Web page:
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Last week, I shared my one-year plan to become a remote & freelance developer. I ended my post saying that the next step for me would be to choose a development ecosystem to focus on.

Today, being a “software developer” doesn’t say much about what kind of work one is really doing. The daily work of someone coding the behaviour of a factory robot or a flying drone looks nothing like the daily routine of a mobile app developer working in the banking industry. The tools and languages used are very different, as well as the constraints and the skills required. Actually, there exists almost as many different kinds of developer jobs as there are developers!

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My journey back to development

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I’ve always strived to excel at what I do. There are few things more unfulfilling to me than spending most of my waking hours working on things of mediocre quality. No matter what we do, there are always people impacted by the quality of our work, be they colleagues, bosses, customers or end-users. And we have the power to make their lives harder or easier simply by decreasing or improving the quality of the service we are providing. Therefore, striving to be a good professionnal is one of the most loving and caring things anyone of us could do.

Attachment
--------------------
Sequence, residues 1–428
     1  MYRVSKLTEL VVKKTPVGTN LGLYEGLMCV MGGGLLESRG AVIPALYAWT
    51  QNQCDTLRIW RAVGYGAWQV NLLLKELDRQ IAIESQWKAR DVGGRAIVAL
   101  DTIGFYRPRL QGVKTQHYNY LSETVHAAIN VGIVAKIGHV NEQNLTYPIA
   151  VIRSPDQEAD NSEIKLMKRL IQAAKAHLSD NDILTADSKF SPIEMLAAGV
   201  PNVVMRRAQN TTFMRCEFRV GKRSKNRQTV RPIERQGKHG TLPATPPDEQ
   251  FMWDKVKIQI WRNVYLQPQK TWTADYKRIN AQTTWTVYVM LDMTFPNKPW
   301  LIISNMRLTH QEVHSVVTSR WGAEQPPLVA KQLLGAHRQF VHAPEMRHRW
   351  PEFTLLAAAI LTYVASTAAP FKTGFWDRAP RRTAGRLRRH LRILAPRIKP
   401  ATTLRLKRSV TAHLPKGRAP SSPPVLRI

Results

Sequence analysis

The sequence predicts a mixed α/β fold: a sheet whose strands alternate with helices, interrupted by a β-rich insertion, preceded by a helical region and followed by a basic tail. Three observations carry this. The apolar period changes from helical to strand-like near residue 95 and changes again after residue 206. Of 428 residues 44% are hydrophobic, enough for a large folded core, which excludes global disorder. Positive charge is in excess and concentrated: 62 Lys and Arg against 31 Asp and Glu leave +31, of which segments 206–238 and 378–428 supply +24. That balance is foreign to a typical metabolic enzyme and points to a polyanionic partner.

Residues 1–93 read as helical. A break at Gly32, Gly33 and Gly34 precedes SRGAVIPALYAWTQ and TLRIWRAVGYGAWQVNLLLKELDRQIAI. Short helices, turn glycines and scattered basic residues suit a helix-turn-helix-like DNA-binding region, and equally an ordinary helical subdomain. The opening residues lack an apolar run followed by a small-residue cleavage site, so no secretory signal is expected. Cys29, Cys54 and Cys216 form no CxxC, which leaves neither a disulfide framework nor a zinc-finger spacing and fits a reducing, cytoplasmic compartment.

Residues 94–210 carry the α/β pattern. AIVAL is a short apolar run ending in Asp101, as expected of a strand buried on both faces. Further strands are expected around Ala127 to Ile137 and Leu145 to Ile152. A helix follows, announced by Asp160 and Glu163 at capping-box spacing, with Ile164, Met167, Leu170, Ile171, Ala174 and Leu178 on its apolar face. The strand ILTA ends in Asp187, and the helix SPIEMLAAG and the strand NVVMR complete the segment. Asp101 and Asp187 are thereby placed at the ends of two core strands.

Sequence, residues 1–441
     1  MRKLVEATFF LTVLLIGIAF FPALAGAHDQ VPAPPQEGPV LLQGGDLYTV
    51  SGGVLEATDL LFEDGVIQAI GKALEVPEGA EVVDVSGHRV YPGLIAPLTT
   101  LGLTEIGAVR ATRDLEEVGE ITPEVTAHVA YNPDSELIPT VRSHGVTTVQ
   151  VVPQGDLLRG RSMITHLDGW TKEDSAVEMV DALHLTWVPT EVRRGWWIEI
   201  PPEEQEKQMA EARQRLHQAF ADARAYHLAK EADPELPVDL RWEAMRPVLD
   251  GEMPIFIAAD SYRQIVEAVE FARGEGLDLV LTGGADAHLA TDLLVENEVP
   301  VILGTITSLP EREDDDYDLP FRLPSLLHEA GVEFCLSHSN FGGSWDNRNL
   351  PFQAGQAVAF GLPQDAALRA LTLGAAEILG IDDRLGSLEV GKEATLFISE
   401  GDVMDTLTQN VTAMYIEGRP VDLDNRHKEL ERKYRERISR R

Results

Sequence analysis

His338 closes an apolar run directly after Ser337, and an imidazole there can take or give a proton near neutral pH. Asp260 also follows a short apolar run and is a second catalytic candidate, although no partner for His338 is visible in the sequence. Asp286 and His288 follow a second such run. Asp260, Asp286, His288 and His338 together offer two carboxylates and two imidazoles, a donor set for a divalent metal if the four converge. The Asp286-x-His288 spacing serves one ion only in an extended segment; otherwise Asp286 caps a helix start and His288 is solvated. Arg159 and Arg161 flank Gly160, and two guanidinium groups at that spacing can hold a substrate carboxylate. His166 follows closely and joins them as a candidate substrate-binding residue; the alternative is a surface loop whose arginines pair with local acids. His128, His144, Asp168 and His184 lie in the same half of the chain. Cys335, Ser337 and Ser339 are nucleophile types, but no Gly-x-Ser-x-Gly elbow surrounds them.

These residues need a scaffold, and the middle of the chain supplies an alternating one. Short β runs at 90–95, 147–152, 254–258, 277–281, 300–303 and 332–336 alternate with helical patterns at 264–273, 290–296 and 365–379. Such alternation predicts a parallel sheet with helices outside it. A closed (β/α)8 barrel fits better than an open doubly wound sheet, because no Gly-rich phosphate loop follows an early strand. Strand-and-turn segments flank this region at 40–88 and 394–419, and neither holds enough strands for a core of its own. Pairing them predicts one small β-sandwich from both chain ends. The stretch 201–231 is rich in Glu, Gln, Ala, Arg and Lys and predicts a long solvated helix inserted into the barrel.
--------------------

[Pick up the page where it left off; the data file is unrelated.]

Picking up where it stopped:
This has always been my mantra. And that’s why as soon as I joined Esker, my current company, as a technical support engineer, my main focus has been from day one to be the best I could be.

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Beware of companies hiring too easily

Last week, I wrote about how the way I perceived developers radically improved for the better during the past few years. This was partly due to a better understand of the law of supply and demand, showing that the value on anything on the market is based on the power balance between what’s needed and what’s provided. In other words, the more I need you (your service or your product), the more you can charge for it, and vice-versa. Today, I want to discuss my current perspective on the way developers are recruited, based on my experience. And as you’ll see, the law of supply and demand will again play a big part.